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Game's changed in 6 years: open source ecosystem thrives

By Ma Si | China Daily | Updated: 2017-01-09 08:45

Chen Bo, a 37-year-old software developer with Beijing-based Cheetah Mobile, remembers clearly how isolated and closed China's software environment was in 2010. That was a time when the mobile internet revolution was taking hold of the world's most populous country.

"Every app developer saw his or her software codes as the most precious assets and would never share them with others. You could say the scene was equivalent to people securing their family jewelry in plastic wraps and locking it in burglar-resistant safes," Chen said.

That was also a time when even employees were allowed access to only a part of the codes they were working on, to pre-empt information leaks to competitors.

But the scene has changed over the last six years. China has blossomed into one of the world's most dynamic hubs for software developers.

Chen and his ilk have become active contributors to the world's major open source software platforms. They are eager to share computer programming know-how and even the whole IT infrastructure of killer products on Apple Inc's iOS store and Google Inc's Android app store Google Play.

Tech giants such as Huawei Technologies Co Ltd and Alibaba Group Holding Ltd also regularly organize events to promote exchange between experienced IT coders and greenhorns, in the hope of cultivating a more robust app-developer ecosystem in China.

"We no longer fear that others would outcompete us if we share codes with them. Six years of trial and error have established Chinese developers' technological prowess and our reputation in the international arena. Our products have become increasingly popular in overseas markets," Chen said.

The story of Chen and his employer Cheetah Mobile, which he joined in 2013, epitomizes the trend.

Different from the first-wave of Chinese internet players such as Baidu and Tencent, which rely on the domestic market to thrive, Cheetah Mobile gets 80 percent of its more than 612 million monthly active users from abroad. The firm has managed to achieve that within six years.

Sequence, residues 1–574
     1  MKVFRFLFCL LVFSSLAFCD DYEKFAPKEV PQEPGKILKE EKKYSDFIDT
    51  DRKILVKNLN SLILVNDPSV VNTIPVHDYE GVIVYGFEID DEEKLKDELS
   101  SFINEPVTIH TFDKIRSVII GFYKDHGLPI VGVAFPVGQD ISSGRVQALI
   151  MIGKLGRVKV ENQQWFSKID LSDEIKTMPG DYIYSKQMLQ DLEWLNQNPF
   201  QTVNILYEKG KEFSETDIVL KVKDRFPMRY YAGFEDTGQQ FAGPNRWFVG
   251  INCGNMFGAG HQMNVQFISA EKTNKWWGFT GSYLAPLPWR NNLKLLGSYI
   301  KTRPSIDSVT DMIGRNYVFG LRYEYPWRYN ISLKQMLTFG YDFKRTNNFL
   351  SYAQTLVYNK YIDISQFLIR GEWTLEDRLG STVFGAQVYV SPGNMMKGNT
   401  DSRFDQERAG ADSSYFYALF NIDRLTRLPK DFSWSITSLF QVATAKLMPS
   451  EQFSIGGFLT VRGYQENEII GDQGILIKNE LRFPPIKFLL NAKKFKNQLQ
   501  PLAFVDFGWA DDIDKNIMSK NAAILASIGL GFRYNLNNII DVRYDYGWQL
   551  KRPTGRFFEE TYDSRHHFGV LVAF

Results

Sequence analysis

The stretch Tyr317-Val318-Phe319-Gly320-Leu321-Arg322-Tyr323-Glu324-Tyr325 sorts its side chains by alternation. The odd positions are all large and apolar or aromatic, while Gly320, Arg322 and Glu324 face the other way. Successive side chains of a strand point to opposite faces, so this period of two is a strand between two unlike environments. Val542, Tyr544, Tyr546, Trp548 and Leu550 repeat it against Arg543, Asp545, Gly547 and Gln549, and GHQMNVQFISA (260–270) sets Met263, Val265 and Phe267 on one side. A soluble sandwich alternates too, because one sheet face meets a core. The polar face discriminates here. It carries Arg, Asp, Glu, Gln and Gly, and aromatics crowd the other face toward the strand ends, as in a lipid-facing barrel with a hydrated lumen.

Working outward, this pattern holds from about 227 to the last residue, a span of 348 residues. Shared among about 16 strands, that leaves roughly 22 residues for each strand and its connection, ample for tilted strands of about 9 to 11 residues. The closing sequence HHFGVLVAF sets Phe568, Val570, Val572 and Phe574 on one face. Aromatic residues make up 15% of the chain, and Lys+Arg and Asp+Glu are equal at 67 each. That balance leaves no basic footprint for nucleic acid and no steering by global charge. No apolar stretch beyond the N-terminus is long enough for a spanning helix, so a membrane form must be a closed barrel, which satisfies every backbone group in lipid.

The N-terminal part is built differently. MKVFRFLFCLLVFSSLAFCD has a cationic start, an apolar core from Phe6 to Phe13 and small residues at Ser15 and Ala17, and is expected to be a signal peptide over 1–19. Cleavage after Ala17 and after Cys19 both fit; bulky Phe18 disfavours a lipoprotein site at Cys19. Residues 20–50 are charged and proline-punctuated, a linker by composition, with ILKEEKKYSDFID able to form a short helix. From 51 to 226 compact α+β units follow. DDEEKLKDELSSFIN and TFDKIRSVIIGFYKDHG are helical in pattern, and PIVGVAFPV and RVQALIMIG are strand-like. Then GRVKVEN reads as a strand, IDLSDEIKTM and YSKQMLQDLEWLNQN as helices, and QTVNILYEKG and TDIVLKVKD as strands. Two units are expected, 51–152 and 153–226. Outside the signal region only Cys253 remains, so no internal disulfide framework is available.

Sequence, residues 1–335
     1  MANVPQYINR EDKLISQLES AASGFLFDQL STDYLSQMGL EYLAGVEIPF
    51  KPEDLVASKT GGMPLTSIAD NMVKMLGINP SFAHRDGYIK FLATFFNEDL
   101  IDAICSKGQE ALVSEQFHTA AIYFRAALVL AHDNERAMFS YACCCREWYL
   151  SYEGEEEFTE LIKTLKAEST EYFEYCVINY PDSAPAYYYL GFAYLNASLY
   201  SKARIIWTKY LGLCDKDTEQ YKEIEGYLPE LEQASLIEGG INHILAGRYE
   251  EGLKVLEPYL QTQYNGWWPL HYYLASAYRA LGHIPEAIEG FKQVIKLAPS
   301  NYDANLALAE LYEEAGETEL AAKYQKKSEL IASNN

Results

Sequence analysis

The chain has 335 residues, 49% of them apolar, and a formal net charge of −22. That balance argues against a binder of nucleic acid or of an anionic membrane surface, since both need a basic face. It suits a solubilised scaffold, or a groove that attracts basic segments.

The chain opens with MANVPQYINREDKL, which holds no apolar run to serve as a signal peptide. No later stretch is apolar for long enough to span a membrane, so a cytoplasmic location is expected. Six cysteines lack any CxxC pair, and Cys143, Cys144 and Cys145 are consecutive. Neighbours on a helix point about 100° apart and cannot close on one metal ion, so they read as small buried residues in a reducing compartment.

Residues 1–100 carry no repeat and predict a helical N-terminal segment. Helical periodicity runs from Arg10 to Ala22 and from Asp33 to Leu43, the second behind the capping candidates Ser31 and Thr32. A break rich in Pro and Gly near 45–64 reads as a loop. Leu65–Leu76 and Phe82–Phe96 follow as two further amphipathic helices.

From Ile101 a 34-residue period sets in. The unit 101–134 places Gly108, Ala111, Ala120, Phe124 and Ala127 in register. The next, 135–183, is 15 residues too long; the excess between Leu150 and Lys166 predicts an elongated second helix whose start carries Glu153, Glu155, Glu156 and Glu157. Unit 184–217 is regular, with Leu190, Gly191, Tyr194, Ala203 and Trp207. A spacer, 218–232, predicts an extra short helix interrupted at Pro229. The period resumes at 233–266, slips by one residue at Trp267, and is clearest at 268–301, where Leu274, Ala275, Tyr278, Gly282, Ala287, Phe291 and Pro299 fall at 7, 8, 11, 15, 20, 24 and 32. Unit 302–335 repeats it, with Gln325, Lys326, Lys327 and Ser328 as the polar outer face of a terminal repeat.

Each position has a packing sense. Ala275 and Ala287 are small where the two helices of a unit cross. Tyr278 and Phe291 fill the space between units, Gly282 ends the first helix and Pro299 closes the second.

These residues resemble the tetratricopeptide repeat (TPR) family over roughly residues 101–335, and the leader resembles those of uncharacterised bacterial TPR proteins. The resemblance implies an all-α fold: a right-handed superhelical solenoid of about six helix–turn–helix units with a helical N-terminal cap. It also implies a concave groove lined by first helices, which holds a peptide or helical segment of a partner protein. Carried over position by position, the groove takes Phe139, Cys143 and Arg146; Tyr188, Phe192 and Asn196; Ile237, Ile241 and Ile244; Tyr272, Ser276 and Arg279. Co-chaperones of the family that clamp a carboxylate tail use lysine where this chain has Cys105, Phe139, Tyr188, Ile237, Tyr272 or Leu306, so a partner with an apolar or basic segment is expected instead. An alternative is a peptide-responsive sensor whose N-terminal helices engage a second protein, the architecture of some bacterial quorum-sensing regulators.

Its rise is meteoric yet well-plotted. When Chen shifted his attention from PC-based software to apps for Google's Android platform in 2010, he still needed to explain to his friends what he was working on, for the idea of Android was still relatively new to domestic consumers.

Cheetah Mobile started to zero in on overseas markets after competition in the domestic market intensified in 2012. It worked hard to adapt itself to foreign markets.

"Our strategy is straight-forward: develop utility apps, which are hardly subject to cultural influences and enjoy universal rigid demand," Chen said. The firm quickly gained a presence by rolling out Clean Master, the Android junk cleaning app, and CM Security, which protects smartphones with anti-virus software and privacy.

But cultural obstacles still popped up. "Users in the Middle East complained against an ad on our app because the girls on that ad wore off-shoulder tops," Chen said. "We then worked hard to localize our apps as per overseas sensibilities."

Cheetah Mobile found advertisement revenue hard to come by as users generally don't use e-tools and apps of the kind it develops every day. So, it is transforming itself into a content business via research and acquisitions. It now operates popular apps like live streaming app, mobile game Piano Tiles and news aggregator News Republic.

"We used to be blinkered. But as long as our mindset is free and knows how to play the game, we will pounce on any opportunity to scale up. Chinese developers are defined by fast speed," Chen said.

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